One particular application is to recover the types of the vertices from the topology of the graph. That is, if you see the above picture without the colours, can you work out which vertices are red, and which are blue? (Assuming you know the kernel.) This is clearly impossible to do with anything like certainty in the sparse setting – how does one decide about isolated vertices, for example? The probabilities that a red vertex is isolated and that a blue vertex is isolated differ by a constant factor in the $n\rightarrow\infty$ limit. But in the dense setting, one can achieve this with high confidence. When studying such statistical questions, these IRGs are often referred to as stochastic block models, and the recent survey of Abbe [Abbe] gives a very rich history of this type of problem in this setting.

Poisson multitype branching processes

As in the case of the classical random graph G(n,c/n), we learn a lot about the IRG by studying its local structure. Let’s assume from now on that we are given a sequence of IRGs $G^n(p^n,\kappa)$ for which $\frac{p^n}{n}\rightarrow \pi$, where $\pi=(\pi_1,\ldots,\pi_k)\in[0,1]^k$ satisfies $||\pi||_1=1$.

Now, let $v^n$ be a uniformly-chosen vertex in [n]. Clearly $\mathrm{type}(v^n)\stackrel{d}\rightarrow \pi$, with the immediate mild notation abuse of viewing $\pi$ as a probability distribution on [k].

Then, conditional on $\mathrm{type}(v^n)=i$:

• when $j\ne i$, the number of type j neighbours of $v^n$ is distributed as $\mathrm{Bin}\left(p_j,1-\exp\left(-\frac{\kappa_{i,j}}{n}\right)\right)$.
• the number of type i neighbours of $v^n$ is distributed as $\mathrm{Bin}\left( p_i-1,1-\exp\left(-\frac{\kappa_{i,i}}{n}\right)\right)$.

Note that $p_j\left[1-\exp\left(-\frac{\kappa_{i,j}}{n}\right)\right]\approx \frac{p_j\cdot \kappa_{i,j}}{n} \approx \kappa_{i,j}\pi_j$, and similarly in the case j=i, so in both cases, the number of neighbours of type j is distributed approximately as $\mathrm{Poisson}(\kappa_{i,j}\pi_j)$.

This motivates the following definition of a branching process tree, whose vertices have k types. Continue reading

# Lecture 7 – The giant component

I am aiming to write a short post about each lecture in my ongoing course on Random Graphs. Details and logistics for the course can be found here.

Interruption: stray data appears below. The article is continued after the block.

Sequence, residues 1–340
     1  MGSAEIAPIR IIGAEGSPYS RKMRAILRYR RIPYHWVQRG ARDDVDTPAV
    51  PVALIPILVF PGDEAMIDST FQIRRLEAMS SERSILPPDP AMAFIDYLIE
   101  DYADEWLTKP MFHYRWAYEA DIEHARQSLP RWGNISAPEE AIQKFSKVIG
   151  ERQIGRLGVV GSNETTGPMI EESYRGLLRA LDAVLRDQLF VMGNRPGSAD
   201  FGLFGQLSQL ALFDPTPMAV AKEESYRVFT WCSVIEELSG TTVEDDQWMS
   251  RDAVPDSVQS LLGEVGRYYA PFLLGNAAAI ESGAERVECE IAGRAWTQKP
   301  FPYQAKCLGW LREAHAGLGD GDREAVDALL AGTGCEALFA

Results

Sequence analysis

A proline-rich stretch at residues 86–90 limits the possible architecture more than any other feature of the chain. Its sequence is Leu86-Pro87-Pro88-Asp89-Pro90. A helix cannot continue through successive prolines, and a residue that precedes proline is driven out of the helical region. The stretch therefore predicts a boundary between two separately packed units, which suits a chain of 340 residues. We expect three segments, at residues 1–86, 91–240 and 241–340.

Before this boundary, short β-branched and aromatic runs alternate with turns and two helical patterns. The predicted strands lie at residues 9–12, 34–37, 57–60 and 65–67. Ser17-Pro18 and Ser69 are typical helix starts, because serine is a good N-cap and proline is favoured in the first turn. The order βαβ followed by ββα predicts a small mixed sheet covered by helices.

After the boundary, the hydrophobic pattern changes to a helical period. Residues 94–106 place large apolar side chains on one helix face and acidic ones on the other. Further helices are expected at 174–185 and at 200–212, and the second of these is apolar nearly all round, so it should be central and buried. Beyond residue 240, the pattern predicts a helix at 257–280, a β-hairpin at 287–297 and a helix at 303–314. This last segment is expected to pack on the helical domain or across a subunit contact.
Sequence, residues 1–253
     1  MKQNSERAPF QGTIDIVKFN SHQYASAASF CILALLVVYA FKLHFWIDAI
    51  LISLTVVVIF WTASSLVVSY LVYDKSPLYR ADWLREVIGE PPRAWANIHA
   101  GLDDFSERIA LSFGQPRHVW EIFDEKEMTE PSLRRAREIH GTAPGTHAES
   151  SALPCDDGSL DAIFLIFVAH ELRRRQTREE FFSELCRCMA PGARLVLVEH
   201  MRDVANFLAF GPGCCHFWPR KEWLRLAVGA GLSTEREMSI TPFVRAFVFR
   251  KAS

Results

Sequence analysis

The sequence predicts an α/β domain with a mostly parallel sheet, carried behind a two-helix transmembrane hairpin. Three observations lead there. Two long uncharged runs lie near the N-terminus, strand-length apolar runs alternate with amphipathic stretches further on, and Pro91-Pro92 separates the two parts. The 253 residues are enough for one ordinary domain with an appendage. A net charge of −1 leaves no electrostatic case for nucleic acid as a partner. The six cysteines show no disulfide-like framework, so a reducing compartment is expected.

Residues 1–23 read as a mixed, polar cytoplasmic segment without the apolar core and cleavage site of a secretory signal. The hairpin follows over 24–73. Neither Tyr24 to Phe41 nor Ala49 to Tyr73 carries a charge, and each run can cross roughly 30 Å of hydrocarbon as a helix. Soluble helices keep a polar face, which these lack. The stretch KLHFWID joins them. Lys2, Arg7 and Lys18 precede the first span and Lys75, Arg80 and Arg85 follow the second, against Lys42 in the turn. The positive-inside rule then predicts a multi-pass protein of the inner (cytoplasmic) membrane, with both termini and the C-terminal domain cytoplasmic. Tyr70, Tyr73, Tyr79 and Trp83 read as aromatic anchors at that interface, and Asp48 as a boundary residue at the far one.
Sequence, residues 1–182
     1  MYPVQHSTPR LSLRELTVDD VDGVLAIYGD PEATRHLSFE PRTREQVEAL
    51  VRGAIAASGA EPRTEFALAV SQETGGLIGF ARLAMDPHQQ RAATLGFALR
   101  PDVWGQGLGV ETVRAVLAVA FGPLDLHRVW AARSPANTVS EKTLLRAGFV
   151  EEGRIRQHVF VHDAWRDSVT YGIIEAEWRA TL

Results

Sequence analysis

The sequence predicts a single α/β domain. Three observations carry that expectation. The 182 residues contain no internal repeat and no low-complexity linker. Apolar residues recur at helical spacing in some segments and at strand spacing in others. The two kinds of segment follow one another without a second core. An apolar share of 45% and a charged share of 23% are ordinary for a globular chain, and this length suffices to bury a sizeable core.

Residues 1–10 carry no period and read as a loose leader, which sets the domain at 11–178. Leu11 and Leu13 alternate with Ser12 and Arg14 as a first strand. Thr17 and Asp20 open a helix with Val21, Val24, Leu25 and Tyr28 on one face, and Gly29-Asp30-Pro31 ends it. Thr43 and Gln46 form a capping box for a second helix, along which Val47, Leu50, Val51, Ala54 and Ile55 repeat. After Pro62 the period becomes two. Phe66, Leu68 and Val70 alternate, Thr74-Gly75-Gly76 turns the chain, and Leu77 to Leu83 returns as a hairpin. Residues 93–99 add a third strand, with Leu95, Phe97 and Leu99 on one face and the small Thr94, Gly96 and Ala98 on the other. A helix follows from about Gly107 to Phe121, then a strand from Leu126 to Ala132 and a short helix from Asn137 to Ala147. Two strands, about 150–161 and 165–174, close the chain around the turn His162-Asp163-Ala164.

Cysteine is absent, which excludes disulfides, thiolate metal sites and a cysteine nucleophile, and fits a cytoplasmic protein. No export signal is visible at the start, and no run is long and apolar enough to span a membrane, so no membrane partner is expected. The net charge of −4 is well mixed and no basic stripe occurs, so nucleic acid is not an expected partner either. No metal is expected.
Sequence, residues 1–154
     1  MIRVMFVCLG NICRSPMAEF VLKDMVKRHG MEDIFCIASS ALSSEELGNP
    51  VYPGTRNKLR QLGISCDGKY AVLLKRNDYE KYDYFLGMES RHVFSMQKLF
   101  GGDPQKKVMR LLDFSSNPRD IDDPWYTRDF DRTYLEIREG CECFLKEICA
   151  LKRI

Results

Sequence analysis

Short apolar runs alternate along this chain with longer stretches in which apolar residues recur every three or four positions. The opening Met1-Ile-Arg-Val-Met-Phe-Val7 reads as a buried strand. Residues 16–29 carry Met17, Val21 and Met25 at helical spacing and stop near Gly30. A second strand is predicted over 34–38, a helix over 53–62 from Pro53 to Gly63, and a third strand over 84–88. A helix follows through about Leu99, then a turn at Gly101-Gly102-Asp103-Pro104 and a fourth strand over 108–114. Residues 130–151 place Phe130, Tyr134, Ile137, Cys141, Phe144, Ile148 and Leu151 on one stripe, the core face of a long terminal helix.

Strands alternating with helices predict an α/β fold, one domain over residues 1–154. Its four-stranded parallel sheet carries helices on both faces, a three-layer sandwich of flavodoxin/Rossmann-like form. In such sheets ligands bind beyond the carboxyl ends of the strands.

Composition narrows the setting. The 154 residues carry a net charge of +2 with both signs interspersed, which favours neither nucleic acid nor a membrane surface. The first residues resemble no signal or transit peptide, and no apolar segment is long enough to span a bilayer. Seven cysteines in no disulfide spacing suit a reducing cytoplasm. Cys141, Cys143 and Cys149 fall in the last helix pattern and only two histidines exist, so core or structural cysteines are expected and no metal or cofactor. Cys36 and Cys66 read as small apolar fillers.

As we edge into the second half of the course, we are now in a position to return to the question of the phase transition between the subcritical regime $\lambda<1$ and the supercritical regime $\lambda>1$ concerning the size of the largest component $L_1(G(n,\lambda/n))$.

In Lecture 3, we used the exploration process to give upper bounds on the size of this largest component in the subcritical regime. In particular, we showed that

$\frac{1}{n}\big| L_1(G(n,\lambda/n)) \big| \stackrel{\mathbb{P}}\rightarrow 0.$

If we used slightly stronger random walk concentration estimates (Chernoff bounds rather than 2nd-moment bounds from Chebyshev’s inequality), we could in fact have shown that with high probability the size of this largest component was at most some logarithmic function of n.

In this lecture, we turn to the supercritical regime. In the previous lecture, we defined various forms of weak local limit, and asserted (without attempting the notationally-involved combinatorial calculation) that the random graph $G(n,\lambda/n)$ converges locally weakly in probability to the Galton-Watson tree with $\text{Poisson}(\lambda)$ offspring distribution, as we’ve used informally earlier in the course.

Of course, when $\lambda>1$, this branching process has strictly positive survival probability $\zeta_\lambda>0$. At a heuristic level, we imagine that all vertices whose local neighbourhood is ‘infinite’ are in fact part of the same giant component, which should occupy $(\zeta_\lambda+o_{\mathbb{P}}(1))n$ vertices. In its most basic form, the result is

$\frac{1}{n}\big|L_1(G(n,\lambda/n))\big|\;\stackrel{\mathbb{P}}\longrightarrow\; \zeta_\lambda,\quad \frac{1}{n}\big|L_2(G(n,\lambda/n))\big| \;\stackrel{\mathbb{P}}\longrightarrow\; 0,$ (*)

where the second part is a uniqueness result for the giant component.

The usual heuristic for proving this result is that all ‘large’ components must in fact be joined. For example, if there are two giant components, with sizes $\approx \alpha n,\approx \beta n$, then each time we add a new edge (such an argument is often called ‘sprinkling‘), the probability that these two components are joined is $\approx 2ab$, and so if we add lots of edges (which happens as we move from edge probability $\lambda-\epsilon\mapsto \lambda$ ) then with high probability these two components get joined.

It is hard to make this argument rigorous, and the normal approach is to show that with high probability there are no components with sizes within a certain intermediate range (say between $\Theta(\log n)$ and $n^\alpha$) and then show that all larger components are the same by a joint exploration process or a technical sprinkling argument. Cf the books of Bollobas and of Janson, Luczak, Rucinski. See also this blog post (and the next page) for a readable online version of this argument.